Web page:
A few years ago, my then-73-year-old father was rushed to the hospital after my mother noticed that something was "just not right." He had heart bypass surgery only a few weeks before.
By the time I arrived at the hospital two hours later, he was gasping for breath, suffering from a potentially lethal heart arrhythmia. Doctors on duty were at a loss as to how they should treat him when the most likely culprit -- a drug he was taking called digitalis -- did not turn up in the bag of medicines that my mother had brought. "He is taking digitalis!" I said, but without the bottle present, and with doctor offices closed for the evening, I was helpless to verify that fact.
Luckily my story had a happy ending and my father was treated as if on digitalis. However, not all of us have the memory for the medications that we -- let alone our parents -- take in an emergency.
We keep financial, car and pet records, but how many of us keep our medical records? Most of us rely on strangers to keep our health information up to date and accessible -- when the only person you can rely on for this information is you.
If you are like many people I talk to, you may be wondering why your doctor can't do that for you. In the three decades since I launched my health career, the practice of medicine has changed. It has grown increasingly complex and specialized; no longer can one doctor do it all. My own experience as well as recent research has shown that the more you get involved in all aspects of your health care -- including collecting and understanding your medical records -- the better off you will be.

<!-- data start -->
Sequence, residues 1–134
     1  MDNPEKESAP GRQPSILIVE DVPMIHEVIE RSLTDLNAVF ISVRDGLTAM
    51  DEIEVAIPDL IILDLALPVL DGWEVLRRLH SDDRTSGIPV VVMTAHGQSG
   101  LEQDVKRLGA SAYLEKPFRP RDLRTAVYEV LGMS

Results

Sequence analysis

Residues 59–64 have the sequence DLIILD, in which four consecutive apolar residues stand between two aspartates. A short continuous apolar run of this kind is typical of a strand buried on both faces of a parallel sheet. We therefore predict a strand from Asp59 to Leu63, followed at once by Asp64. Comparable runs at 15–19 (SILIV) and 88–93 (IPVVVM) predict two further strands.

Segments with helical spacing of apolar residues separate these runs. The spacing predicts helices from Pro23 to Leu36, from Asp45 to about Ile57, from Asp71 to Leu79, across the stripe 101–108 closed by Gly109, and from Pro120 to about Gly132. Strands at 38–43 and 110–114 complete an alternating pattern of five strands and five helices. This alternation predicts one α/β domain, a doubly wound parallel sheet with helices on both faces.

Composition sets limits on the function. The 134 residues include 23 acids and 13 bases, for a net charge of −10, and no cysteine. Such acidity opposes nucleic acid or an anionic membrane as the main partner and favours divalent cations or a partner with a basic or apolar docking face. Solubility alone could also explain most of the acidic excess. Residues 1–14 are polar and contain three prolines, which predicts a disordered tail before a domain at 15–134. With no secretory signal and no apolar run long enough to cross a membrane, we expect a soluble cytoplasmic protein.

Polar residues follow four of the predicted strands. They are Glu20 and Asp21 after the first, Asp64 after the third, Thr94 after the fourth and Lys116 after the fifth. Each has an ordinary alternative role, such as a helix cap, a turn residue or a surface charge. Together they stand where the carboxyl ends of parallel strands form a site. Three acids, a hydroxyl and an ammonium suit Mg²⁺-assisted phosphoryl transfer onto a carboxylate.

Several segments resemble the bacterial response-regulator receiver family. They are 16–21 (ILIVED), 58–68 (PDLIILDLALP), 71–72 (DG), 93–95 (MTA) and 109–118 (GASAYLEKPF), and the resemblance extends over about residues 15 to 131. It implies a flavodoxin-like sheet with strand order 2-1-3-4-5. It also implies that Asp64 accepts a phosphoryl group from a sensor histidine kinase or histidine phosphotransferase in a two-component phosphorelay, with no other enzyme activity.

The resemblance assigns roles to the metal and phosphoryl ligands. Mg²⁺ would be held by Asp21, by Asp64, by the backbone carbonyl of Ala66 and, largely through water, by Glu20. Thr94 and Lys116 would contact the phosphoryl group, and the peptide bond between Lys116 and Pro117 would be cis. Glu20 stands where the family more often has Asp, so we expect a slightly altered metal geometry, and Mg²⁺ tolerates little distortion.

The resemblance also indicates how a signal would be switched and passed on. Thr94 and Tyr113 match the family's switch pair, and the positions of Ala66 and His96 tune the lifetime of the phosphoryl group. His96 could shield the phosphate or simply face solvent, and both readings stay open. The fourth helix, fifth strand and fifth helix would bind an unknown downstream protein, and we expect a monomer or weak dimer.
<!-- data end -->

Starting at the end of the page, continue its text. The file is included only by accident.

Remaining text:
As a family doctor, I learned firsthand the importance of my patients taking an active role in their health care and keeping copies of their health information. Many of my patients had complex problems requiring multiple doctors. Some of them were spending winters in the Sunbelt, which meant they saw a different doctor for half the year. A lot of them were seeing complementary care practitioners and using complementary therapies. New patients often came for an initial office visit with no paperwork at all. I had no concrete data to go on -- no consultation reports from doctors, no X-ray reports, no test results, no list of medications or immunizations, no history of allergic reactions, no hospital discharge summaries.
Not only that, but when I shifted from a solo practice to a group practice (as did many of my colleagues during the last decades of the 20th century), my "panel" of patients was more than 1,000 strong. In contrast, Marcus Welby, M.D., had a few hundred patients he took care of from cradle to grave. He knew their names, he made house calls and he kept all their records tucked in his desk drawer. Without even referring to those records, he pretty much remembered who was allergic to penicillin and bee stings, who was taking insulin, who had high blood pressure and even who was overdue for a checkup.
Today's doctors couldn't possibly carry all of those details around in their heads. We have lots more information about each patient to keep track of, not to mention keeping up with the near daily breakthroughs in medical research.